Even if Brett Kavanaugh is confirmed as a Supreme Court justice, he will carry scars from the brutal process to get him there.
During passionate and angry testimony on Sept. 27, Kavanaugh shouted, “My family and my name have been permanently and totally destroyed.” His fate isn’t yet assured. But as he limps over the finish line, with the FBI now looking into sexual assault allegations against him before a full Senate vote, the question could soon shift from whether he will be confirmed to what kind of justice he will be.
Will Kavanaugh, who denies all of the sexual misconduct allegations, dig in on the far right, radicalized by the experience? Will he swing the other way towards the middle, determined to improve his reputation among women? Or will he be able to move past it entirely?
“When nominees dream of a confirmation as the ultimate vindication of a lifetime of service, these controversies leave a lasting sense of injury rather than celebration,” says Jonathan Turley, professor at the George Washington University Law School.
In the past, other judges who went through bruising experiences have reacted in different ways. In 1987, Robert Bork’s nomination to the Supreme Court was infamously defeated because of his ideology — at his own hearing, Kavanaugh even said he thought he’d be in for a “a good old-fashioned attempt at Borking.” Bork was so embittered and politicized by the experience that he resigned from his federal judgeship the following year. On the opposite end of the spectrum, Merrick Garland’s nomination to the high court in 2016 languished for a year as Republicans refused to hold hearings from him. Since he quietly returned to his federal judgeship and has seen now-Justice Neil Gorsuch take the seat he was up for, he has continued his work seemingly unaffected and has hardly said a public word about what happened.
Kavanaugh would be joining a colleague who went through the most similar experience to his own before joining the high court, and who may have become more inflexible as a judge as a result. Justice Clarence Thomas famously referred to his own confirmation process in 1991, during which Anita Hill accused him of sexually harassing her at work, as a “high-tech lynching.” People have speculated about whether Thomas’s reticence in personality on the court — he rarely speaks during oral arguments — or position on the far right of the bench ideologically were shaped by the Hill hearing.
“Clarence Thomas clearly has long harbored an sense of deep injury after his own confirmation controversy,” says Turley.
Carrie Severino, head of the conservative Judicial Crisis Network who clerked for Thomas in 2007, said the experience made him take an even more principled in his approach to the job. “He is so committed to making good on that oath that he took to uphold the Constitution, and I think maybe in part because it cost him so much,” she says.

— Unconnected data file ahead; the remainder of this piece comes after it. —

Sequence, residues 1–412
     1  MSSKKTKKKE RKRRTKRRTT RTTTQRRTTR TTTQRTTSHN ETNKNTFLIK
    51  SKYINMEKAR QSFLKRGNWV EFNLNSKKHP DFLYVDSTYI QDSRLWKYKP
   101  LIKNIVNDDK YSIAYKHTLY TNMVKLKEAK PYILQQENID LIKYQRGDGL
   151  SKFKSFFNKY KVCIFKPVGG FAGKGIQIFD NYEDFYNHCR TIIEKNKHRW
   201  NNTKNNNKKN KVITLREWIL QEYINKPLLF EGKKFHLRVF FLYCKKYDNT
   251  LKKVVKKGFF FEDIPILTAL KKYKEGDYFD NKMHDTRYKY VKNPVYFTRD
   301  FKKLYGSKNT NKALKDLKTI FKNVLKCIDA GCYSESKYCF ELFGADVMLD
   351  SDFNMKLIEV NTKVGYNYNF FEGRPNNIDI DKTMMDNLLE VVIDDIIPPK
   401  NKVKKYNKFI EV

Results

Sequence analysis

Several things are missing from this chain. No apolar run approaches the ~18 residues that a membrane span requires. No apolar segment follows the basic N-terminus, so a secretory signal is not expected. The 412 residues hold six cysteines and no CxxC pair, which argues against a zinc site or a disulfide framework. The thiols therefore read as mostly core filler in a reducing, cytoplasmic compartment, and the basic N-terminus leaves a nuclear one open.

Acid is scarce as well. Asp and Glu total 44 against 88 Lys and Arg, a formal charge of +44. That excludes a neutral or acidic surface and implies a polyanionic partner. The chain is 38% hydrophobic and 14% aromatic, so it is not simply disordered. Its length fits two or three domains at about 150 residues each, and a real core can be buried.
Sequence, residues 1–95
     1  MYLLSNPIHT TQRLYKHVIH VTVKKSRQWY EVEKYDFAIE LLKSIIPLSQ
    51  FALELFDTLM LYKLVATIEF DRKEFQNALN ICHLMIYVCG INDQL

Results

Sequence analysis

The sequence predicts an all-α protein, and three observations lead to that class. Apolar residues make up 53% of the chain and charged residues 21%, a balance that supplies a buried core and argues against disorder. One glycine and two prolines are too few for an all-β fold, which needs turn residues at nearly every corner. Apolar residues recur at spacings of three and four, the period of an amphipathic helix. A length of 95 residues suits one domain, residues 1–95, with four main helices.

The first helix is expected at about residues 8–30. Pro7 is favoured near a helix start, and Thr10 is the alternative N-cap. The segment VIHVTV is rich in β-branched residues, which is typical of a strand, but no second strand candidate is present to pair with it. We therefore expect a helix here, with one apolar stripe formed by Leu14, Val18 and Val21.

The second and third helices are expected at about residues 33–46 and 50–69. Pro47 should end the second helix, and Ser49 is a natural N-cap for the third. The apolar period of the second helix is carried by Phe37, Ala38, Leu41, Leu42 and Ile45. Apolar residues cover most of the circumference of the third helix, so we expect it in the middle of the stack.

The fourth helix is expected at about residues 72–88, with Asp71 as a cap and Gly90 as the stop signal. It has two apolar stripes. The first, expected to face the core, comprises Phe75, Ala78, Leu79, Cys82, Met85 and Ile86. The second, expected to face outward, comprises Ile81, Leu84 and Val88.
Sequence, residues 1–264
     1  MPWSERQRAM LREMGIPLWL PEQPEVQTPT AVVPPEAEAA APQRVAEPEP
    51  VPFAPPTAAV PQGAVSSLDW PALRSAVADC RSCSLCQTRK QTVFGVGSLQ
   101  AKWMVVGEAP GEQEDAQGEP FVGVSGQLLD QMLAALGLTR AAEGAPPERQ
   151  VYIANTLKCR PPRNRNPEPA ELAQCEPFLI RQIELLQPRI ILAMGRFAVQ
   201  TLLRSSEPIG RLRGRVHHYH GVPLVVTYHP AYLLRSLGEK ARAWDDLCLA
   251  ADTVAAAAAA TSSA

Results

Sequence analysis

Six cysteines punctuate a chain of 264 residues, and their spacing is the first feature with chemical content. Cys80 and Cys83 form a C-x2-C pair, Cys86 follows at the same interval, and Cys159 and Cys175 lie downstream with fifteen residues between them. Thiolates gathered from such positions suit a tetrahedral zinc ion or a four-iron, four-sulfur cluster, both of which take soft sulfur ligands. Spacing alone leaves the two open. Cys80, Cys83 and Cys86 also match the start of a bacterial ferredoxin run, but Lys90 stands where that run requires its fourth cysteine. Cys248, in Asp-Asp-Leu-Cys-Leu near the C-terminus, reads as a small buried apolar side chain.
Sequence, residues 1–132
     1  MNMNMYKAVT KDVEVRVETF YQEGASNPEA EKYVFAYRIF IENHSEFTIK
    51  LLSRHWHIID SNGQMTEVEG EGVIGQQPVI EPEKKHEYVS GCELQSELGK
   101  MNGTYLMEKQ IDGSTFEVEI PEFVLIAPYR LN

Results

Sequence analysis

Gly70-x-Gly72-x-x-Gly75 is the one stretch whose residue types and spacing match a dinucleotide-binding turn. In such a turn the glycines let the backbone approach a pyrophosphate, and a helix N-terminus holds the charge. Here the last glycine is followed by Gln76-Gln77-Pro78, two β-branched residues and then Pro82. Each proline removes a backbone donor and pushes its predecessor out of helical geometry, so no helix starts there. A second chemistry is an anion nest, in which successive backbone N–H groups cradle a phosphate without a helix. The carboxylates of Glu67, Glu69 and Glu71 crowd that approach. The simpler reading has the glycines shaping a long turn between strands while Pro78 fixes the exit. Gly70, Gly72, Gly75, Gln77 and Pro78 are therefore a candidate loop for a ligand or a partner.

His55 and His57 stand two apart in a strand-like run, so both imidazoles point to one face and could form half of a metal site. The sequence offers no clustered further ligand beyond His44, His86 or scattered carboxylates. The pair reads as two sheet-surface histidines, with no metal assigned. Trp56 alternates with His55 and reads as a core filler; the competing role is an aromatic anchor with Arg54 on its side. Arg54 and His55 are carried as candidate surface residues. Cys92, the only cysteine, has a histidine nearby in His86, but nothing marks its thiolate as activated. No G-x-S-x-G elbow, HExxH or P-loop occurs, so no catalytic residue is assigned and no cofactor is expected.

Some see the partisanship Kavanaugh displayed during his hearing as evidence that he might go the Thomas route if he makes it to the Supreme Court. “This whole two-week effort has been a calculated and orchestrated political hit,” Kavanaugh said, “fueled with apparent pent-up anger about President Trump and the 2016 election, fear that has been unfairly stoked about my judicial record, revenge on behalf of the Clintons and millions of dollars in money from outside left-wing opposition groups.”
Blaming Democrats for his ordeal could be a sign that Kavanaugh would carry that anger to the high court and stay rigidly with the Justices nominated by Republican presidents. “What he said was so explicitly partisan, so permanently political, so grudge-bearing, that I don’t see how somebody puts on a new robe, goes to a new court and forgets about that,” says John Q. Barrett, professor at St. John’s University School of Law. “The public will never forget about that. This guy, if he’s going to be confirmed, will now be heckled and protested and a pariah for the rest of his life for a segment of the country.”
Others see signs that perhaps this experience, instead of making Kavanaugh more extreme, could moderate him, or could make him take extra care on cases involving women with an eye on his legacy. Sen. Susan Collins, a Republican from Maine and a key vote in Kavanaugh’s confirmation, said after talking privately with him in August that she does not believe he would overturn landmark abortion decision Roe v. Wade — a view she reiterated in September just before the hearing with Christine Blasey Ford, one of Kavanaugh’s accusers. And in his testimony during that hearing, Kavanaugh said that as part of administrative preparations for his possible confirmation, he has already hired the group of law clerks who would work for him in his first term on the Supreme Court. All four of them are women.
“If confirmed, I’ll be the first justice in the history of the Supreme Court to have a group of all-women law clerks,” he said. “That is who I am.”
For many women throughout the country now facing the specter of a Supreme Court that holds two men accused of sexual misconduct, that might not be enough. “It will raise questions about whether he could ever view any issue that touched on questions of sexual misconduct fairly, given what has happened,” says Melissa Murray, professor at New York University School of Law.
If he is confirmed, Kavanaugh will have the rest of his career to reckon with what happened on his way up and how it affected a divided nation. “Once an individual is confirmed to the court, the beauty of lifetime tenure is that they can set aside what’s happened during the confirmation process and really just go about the business of trying to get cases right,” says a source involved in Kavanaugh’s confirmation process.
“He knows that [it] is up to history to judge” his legacy, Turley says. “But the circumstances of his confirmation will remain an asterisk by his name.”
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